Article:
The theatre department’s production of “The Thanksgiving Play” opened last night and runs this weekend and next just in time for the holiday.
A unique opening of the show set the intentions and purpose of the theatrics, correcting the announcer welcoming “ladies and gentleman,” replacing it with a more inclusive words, “Hello everyone,” while also acknowledging the native land the University lays on, Tongvas, and providing resources in the play bill.
Its woke-inspired satire written by Larissa FastHorse, centers on four white people who work together to write a politically correct Thanksgiving play for an elementary school to present during Native American Heritage Month. FastHorse was inspired by their struggles in obtaining Native American actors for her earlier productions.
The production highlights topics of privilege, beauty standards, allyship and political correctness. It also calls out the specific stereotypes of Native Americans, like using the term redskins.
Freshman theater major Alexandria Peters, who plays one of the characters, Alicia, said she learned from working on the production.
“(We) balance between being politically correct and acknowledging all the wrongs in the world, but also not taking it so far that it damages the overall message and process,” Peters said.
With wit and comedic timing, the play’s humor is modern, and it pokes fun at everyone.
The play has one setting, the rehearsal space and a cast of four characters.
The characters consist of the director, Logan, who is an educator and determined to get the concept right; Jaxton the yogi, supportive boyfriend of Logan; Caden, the history teacher on hand to ensure the story’s accurate accounts; and the stereotypical Hollywood actress, Alicia, who is anything but the Native American actress Logan had in mind.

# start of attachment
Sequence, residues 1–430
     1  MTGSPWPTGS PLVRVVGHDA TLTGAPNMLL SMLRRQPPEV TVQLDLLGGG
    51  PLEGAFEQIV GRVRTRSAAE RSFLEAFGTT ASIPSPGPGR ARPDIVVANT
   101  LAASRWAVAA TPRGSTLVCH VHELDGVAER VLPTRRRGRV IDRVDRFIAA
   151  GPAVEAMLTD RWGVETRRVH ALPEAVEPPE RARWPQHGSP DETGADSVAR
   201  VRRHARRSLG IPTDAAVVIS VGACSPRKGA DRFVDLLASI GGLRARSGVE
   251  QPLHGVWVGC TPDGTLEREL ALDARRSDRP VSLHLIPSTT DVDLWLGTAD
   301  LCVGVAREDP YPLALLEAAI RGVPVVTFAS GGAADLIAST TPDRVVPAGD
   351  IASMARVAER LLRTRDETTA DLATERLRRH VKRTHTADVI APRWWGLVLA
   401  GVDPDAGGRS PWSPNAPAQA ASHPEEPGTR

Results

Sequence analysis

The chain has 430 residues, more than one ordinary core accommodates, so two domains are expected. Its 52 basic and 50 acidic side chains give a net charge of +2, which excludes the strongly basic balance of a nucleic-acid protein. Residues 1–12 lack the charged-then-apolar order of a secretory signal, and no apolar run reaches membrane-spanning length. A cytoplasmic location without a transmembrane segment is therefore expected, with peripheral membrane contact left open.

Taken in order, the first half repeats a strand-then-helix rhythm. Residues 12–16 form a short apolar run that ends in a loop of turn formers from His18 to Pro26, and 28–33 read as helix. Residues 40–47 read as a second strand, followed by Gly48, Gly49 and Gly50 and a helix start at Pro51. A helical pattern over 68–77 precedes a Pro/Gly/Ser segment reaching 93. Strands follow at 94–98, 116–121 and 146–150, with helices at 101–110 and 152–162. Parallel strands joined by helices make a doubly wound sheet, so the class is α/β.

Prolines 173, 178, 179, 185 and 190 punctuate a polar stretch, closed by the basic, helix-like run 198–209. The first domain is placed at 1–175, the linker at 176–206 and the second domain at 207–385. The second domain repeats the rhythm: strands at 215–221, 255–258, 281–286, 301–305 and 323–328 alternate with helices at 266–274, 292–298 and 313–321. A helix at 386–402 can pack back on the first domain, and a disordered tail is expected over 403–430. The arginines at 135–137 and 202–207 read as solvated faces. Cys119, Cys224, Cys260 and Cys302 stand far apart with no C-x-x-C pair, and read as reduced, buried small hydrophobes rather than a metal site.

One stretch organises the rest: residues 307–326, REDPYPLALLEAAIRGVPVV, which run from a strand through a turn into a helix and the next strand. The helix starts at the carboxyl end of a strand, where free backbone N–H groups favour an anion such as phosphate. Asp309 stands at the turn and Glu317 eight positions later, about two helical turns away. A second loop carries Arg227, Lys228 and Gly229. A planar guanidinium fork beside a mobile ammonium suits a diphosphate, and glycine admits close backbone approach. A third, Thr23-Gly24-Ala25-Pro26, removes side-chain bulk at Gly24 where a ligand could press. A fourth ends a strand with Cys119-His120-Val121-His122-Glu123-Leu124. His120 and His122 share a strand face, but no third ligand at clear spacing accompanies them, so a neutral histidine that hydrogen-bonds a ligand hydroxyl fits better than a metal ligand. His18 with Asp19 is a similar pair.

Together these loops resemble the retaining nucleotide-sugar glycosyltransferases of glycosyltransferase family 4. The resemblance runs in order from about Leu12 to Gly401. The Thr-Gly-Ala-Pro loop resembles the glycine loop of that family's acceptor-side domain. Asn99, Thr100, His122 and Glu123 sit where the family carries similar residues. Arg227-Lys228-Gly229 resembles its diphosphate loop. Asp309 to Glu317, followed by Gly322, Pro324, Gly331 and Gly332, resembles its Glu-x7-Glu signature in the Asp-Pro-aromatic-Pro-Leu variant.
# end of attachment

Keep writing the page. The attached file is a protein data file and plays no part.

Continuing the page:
Between scenes, indigenous music plays.
In between acts, the lights dimmed with unexpected musical numbers about the fall holiday in a childish wardrobe. They performed a rendition of the “Twelve Days of Christmas,” but the Thanksgiving version, including the lyrics, “Four bows of arrows the Natives gave to me,” and the Pledge of Allegiance.
Reese Oliver, a junior theater and rhetoric communications major who plays Logan, reflected on what she learned from her character.
“I think ironically enough Logan has taught me self-awareness, ” Oliver said. “It is important to check yourself, what can I be doing to serve the community best at my seat at the table.”
In the creative writing process, while trying different methods, they realize how appalling the history and truth is. As well as realizing they can not have a play without the view or participation of someone from Native American dissent.
Robby Meredith, a junior theater and philosophy major who plays Caden, saw the importance of the play in current events.
“It is hard to be everything and nothing all at once, and to do it correctly,” Meredith said. “I think where we are politically and socially in the world now, it is hard to cover all the bases and to be as correct of a person as you can be.”
Adding on, Mario Aguayo, a freshman music major who plays Jaxton said, “You can not be right on everything, but the areas you can be right, push that forward. To keep improving.”
With a twist of an ending, the collective creatives find the answer in simplicity and nothingness.
Three words to describe the show, “funny, awkward, raunchy,” Peters said.
Professor of Theatre Arts Sean Dillon directs the show.
The “Thanksgiving Play” opened Thursday and runs at 7:30 this Friday and Saturday, as well as Nov. 16 through 18, with a closing with a matinée at 2 p.m., Nov. 19, in the Dailey Theatre.
Admission is by donation. For more information, visit eventbrite.com
Sheridan Lambrook can be reached at firstname.lastname@example.org.